Introduction: Sari Scrap Kerchief
I'll be getting my hair braided prior to going out to Burning Man, and a friend suggested that I stock up on bandannas etc to keep my "halo" of breakage under control. Plus, you can do so much with them. I think that's a great idea, but I want to take it a step further. I love beautiful textiles, and have a small stash of silk sari scraps and embroidered ribbons. Time to put them together!
This tutorial will make two triangle-shaped kerchiefs approximately 27" long on the two equal sides. The kerchiefs have three layers: the pieced sari silks on top of thin cotton toweling, and then another layer of woven cotton calico to be worn next to the scalp. This will make the wraps a bit heavier and stiffer than a bandanna, but having the additional layer of calico helps wick moisture away from the scalp and keeps the seams of the piecing away from your scalp as well.
Do NOT wash these kerchiefs in the washing machine; hand wash cold with delicate soap, rinse well, line dry.
Skills required: measuring, cutting, pinning, pressing, machine sewing
Skill level: EASY
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Step 1: What You Will Need
***These measurements are for TWO kerchiefs
1 yard woven cotton calico for lining
1, 28"x28" woven cotton "flour sack" type towel as patchwork base
Approximately 1 yard total of silk sari scraps for piecing
Assorted ribbons, varying lengths
A note on choosing fabrics:
I buy my "flour sack" towels at Walmart in the homegoods department; they come 4 or 5 to a pack for $5. If you don't use those, you may use an additional yard of cotton woven fabric (muslin) as your patchwork base. As for sari scraps, some come pre-decorated with beads or sequins. I avoid those as the decorations are never sewn down well and are likely to shed all over the place anyway.
Step 2: Pre-piecing Fabric Care
Wash and dry both the calico lining fabric and the flour sack towel. Iron smooth once dry.
Gently press your sari scraps (and ribbons, if creased) with the iron as well.
Step 3: Prepare the Patchwork Base
Fold the flour sack towel in half on the diagonal and smooth out the hypotenuse edge, then iron a crease in it (view A).
Cut the flour sack on the hypotenuse crease (view B).
Each triangle will form the patchwork base for one kerchief. From this step forward, I will give instructions for one kerchief only. Please repeat each step from 4 on to complete the second kerchief.
Step 4: Placing and Pinning Your Patchwork
This is the really fun step: determining the placement of your sari scraps.
Lay out one flour sack triangle on a large, flat surface (view A). Place your sari scraps on top of the triangle, overlapping edges about 3/8"-1/2" on each side (view B). Pin in place (view C).
Move your patchwork triangle over to the ironing board. Now, with the iron on LOW, gently press raw edges under each scrap, overlapping folded edges slightly (view D). Repin pieces along folded edges as necessary (view E).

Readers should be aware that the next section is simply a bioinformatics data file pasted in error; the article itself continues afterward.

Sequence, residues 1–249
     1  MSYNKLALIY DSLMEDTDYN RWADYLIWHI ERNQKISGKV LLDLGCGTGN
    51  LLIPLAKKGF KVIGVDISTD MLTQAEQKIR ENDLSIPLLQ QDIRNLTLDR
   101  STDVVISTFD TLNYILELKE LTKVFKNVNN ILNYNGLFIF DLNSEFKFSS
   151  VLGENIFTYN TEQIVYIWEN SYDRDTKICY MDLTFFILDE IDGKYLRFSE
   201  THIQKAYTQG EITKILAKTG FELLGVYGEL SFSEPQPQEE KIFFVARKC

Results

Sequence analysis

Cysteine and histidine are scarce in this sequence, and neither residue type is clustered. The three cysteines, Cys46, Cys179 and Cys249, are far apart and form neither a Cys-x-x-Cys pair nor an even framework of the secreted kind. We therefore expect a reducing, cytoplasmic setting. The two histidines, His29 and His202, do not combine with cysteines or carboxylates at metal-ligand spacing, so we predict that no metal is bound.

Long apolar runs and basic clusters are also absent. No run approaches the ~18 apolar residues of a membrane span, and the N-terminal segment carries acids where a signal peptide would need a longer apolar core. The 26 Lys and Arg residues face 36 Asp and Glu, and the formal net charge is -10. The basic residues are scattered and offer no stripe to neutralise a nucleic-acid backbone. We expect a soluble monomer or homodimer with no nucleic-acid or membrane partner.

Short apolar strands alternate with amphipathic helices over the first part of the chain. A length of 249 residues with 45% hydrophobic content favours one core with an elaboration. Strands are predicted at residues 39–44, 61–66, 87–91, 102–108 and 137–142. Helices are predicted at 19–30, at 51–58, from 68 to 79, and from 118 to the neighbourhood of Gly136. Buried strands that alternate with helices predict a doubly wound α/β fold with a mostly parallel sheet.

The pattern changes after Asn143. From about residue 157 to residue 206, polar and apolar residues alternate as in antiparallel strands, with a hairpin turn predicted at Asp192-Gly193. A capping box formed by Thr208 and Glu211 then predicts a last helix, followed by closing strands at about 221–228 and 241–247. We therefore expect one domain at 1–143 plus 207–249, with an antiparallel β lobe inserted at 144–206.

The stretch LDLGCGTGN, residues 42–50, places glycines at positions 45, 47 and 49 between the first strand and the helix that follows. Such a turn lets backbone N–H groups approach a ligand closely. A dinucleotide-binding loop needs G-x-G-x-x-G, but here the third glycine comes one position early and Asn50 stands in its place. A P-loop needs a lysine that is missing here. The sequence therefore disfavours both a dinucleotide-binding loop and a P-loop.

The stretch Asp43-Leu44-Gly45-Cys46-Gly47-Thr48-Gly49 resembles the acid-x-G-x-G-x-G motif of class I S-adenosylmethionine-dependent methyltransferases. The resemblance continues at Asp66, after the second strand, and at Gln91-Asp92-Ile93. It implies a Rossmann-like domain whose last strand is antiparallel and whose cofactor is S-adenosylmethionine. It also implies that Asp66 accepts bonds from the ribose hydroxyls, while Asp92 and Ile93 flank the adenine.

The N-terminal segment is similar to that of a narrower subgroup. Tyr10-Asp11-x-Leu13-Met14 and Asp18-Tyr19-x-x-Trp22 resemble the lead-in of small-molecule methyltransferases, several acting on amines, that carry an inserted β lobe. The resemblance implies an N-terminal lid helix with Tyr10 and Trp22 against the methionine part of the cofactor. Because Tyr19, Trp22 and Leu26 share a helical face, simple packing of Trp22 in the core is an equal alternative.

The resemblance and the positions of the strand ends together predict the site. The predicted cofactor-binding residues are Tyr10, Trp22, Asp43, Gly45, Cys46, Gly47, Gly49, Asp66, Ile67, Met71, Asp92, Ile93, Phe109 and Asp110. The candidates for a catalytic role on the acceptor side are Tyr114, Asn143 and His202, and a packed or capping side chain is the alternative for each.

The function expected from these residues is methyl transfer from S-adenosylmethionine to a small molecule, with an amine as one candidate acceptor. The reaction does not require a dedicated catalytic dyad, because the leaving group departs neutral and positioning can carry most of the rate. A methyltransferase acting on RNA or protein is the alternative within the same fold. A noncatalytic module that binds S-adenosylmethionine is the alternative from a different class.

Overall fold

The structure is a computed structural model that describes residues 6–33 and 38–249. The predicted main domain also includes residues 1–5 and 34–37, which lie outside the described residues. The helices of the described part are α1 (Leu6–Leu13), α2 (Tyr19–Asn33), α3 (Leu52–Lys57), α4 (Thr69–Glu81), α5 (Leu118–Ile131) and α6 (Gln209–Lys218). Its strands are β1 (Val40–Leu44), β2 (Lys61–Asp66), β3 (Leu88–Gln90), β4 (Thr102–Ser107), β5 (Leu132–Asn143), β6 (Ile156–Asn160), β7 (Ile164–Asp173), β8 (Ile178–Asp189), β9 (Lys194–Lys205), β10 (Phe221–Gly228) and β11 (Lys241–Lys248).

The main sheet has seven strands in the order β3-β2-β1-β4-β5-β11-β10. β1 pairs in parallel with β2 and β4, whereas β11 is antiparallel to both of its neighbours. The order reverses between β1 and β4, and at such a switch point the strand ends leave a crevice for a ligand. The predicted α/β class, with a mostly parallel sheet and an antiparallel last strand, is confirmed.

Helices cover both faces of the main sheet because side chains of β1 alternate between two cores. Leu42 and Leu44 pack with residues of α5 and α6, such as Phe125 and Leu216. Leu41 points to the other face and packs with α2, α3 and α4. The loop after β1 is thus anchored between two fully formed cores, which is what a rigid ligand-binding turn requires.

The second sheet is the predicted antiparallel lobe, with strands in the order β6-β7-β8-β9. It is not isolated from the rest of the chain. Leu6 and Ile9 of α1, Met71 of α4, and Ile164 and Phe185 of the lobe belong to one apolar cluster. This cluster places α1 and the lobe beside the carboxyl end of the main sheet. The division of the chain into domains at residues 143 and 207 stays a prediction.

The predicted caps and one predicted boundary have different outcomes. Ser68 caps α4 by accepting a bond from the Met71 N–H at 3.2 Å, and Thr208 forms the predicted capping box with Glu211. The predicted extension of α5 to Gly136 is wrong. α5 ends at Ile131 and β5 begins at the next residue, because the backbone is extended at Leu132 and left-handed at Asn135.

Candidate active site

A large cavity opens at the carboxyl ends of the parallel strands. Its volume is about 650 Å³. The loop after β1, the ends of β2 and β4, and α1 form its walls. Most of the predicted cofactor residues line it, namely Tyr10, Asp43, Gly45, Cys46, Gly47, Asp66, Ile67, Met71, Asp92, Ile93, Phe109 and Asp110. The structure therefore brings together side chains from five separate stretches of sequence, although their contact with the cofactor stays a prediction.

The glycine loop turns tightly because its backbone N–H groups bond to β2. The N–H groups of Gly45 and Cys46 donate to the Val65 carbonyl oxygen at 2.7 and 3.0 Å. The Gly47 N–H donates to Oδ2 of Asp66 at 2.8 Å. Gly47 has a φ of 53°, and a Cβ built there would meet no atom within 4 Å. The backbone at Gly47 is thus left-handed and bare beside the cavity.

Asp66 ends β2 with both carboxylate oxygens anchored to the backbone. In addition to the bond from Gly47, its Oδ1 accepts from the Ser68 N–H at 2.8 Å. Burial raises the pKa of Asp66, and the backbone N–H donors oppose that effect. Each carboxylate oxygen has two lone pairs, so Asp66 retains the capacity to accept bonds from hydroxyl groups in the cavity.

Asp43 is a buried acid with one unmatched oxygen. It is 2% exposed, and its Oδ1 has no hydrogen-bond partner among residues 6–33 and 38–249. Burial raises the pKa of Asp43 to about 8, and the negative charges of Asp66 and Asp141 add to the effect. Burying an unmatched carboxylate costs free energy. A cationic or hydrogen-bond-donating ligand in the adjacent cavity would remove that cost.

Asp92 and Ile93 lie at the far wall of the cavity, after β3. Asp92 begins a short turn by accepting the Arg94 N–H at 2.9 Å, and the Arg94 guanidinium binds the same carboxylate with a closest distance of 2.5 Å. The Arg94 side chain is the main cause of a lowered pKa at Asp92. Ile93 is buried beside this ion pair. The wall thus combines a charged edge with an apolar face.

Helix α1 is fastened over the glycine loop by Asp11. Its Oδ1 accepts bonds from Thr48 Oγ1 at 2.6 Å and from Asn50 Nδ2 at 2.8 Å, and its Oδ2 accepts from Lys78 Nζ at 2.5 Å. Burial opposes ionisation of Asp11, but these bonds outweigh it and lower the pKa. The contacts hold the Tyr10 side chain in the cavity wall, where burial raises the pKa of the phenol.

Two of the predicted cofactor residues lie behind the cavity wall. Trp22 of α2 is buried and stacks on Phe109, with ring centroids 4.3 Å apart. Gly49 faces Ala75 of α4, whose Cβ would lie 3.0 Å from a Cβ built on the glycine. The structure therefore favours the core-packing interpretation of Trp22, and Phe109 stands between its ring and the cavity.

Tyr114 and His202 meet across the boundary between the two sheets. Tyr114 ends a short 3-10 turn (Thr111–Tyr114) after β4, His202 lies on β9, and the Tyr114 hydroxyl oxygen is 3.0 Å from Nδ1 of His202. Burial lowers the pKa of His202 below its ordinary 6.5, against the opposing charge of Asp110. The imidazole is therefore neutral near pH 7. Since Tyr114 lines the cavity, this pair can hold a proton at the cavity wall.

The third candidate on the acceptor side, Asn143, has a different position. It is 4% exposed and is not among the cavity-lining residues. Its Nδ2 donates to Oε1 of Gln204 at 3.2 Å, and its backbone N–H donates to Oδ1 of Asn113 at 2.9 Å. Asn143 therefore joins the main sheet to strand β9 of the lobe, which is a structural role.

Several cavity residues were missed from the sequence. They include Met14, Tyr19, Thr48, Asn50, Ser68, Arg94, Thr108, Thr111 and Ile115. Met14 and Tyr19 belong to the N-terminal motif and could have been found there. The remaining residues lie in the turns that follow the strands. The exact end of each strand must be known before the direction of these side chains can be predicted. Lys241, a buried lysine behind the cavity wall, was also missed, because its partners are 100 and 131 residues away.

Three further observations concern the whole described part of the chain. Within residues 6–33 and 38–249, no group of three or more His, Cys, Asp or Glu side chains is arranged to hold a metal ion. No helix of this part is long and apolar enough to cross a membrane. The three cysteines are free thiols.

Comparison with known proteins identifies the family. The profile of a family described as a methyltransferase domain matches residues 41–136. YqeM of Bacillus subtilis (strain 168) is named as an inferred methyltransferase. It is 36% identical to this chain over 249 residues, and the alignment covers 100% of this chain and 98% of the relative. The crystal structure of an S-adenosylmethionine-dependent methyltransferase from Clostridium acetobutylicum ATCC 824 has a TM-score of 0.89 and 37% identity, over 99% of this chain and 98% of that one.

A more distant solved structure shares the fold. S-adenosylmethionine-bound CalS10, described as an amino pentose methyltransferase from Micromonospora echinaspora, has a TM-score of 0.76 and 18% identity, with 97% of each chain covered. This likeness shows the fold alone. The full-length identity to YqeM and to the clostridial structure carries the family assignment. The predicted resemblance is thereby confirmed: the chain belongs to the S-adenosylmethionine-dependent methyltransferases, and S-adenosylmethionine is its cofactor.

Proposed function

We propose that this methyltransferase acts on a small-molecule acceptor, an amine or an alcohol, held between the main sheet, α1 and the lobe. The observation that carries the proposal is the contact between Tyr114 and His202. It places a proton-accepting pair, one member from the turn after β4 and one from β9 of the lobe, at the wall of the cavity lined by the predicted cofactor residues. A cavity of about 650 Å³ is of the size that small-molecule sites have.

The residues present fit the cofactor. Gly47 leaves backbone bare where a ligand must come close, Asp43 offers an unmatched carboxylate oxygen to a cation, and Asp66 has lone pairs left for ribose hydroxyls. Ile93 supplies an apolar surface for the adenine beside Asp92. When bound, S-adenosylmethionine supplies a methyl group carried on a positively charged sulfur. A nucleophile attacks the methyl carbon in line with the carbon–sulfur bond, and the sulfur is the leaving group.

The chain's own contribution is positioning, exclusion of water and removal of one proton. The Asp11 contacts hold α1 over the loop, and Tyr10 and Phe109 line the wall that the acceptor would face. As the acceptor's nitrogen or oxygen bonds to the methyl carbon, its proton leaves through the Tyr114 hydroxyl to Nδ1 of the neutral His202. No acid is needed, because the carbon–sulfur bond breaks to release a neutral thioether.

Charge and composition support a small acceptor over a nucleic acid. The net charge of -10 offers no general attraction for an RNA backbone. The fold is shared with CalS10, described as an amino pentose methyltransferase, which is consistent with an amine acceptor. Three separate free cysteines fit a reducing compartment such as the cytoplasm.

Note: you do NOT have to press under the edges of the silks along the outer edges of the triangle. Take a look at the rest of the steps and you'll see why.
Step 5: Stitching Down Your Patchwork
Once all the raw edges have been pressed and pinned down, start sewing the silk scraps down to the toweling. Using a zigzag stitch, work your way from the center out to the edges (view A). After sewing all the "internal" seams, switch to a straight stitch and sew the silk down to the outside edges of the patchwork base, as close to the edges as possible (view B); it's helpful to flip the piece over and stitch from the toweling side on top. Trim outside edges of triangle evenly without cutting seams (view C).
Step 6: Placing and Stitching Down Your Ribbon
Move your patchwork triangle over to a flat surface again and lay out ribbons in whatever design seems most pleasing to you. Pin them down (view A), then sew them down to the patchwork, making sure to secure both edges of the ribbons (view B).
Step 7: Cutting and Sewing the Cotton Lining
If using the same lining fabric for both kerchiefs, you can either measure and cut a 28"x28" square which you then reduce to two equal triangles, or you can cut each lining piece separately. I chose the former method (view A). Again, cut the triangle on its hypotenuse (bias) (view B).
Pin the right side of one calico triangle to the right side of your patchwork triangle, matching edges and corners (view C). Using a straight stitch and a 1/2" seam allowance, carefully sew the calico and patchwork together along the two equal sides. Trim the equal edges close to the seam without cutting through the threads (view D).
Step 8: Finishing the Kerchief
Take your kerchief and turn it right sides out; press, starting with the silk side up on LOW (view A). Turn the right sides of the long, unfinished side towards each other, turning under about 1/2" and press (view B), then pin (view C). Using a straight stitch, sew around the entire triangle as close to the edge as possible, starting with the long edge (view D). Clip any loose threads and you're done!